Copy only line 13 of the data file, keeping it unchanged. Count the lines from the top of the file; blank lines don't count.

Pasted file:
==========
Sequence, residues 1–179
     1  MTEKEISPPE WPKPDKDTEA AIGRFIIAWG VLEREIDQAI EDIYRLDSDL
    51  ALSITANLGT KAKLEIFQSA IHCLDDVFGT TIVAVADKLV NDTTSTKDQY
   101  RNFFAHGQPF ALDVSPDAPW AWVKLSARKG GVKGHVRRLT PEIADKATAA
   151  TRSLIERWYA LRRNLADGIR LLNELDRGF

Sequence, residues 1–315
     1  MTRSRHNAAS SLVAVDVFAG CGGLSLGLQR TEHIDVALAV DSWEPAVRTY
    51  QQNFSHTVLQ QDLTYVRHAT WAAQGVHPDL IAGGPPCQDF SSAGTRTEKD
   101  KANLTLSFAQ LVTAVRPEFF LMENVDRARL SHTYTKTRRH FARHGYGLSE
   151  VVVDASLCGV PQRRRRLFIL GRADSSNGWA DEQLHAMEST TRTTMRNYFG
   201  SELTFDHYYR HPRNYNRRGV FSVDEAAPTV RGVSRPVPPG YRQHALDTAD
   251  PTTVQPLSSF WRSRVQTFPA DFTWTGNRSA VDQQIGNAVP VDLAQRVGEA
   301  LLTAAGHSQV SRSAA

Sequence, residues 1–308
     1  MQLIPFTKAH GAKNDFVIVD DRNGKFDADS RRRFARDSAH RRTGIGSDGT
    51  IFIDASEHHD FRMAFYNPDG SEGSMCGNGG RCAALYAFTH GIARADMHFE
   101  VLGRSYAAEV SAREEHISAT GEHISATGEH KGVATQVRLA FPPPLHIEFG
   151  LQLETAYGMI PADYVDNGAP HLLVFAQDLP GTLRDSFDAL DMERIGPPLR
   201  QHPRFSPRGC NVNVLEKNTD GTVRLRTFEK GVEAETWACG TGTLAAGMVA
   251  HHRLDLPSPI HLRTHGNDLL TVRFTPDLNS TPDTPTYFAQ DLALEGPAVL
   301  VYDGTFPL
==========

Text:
   301  LLTAAGHSQV SRSAA